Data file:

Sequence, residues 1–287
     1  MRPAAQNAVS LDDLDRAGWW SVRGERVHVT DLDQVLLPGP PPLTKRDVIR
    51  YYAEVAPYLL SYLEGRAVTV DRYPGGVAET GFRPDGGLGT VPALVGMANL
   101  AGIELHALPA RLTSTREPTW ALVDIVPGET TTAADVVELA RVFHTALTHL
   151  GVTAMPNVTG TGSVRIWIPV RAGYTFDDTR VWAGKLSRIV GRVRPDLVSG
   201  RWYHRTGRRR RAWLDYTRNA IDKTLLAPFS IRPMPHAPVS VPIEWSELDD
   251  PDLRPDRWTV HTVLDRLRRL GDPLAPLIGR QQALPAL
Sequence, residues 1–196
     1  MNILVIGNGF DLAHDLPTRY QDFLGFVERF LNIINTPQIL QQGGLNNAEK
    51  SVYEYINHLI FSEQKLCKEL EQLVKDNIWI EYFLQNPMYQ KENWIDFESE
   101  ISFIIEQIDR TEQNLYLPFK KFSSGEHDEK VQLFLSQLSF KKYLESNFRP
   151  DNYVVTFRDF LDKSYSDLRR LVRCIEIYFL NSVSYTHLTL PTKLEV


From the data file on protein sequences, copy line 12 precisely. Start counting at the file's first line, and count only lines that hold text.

   151  DNYVVTFRDF LDKSYSDLRR LVRCIEIYFL NSVSYTHLTL PTKLEV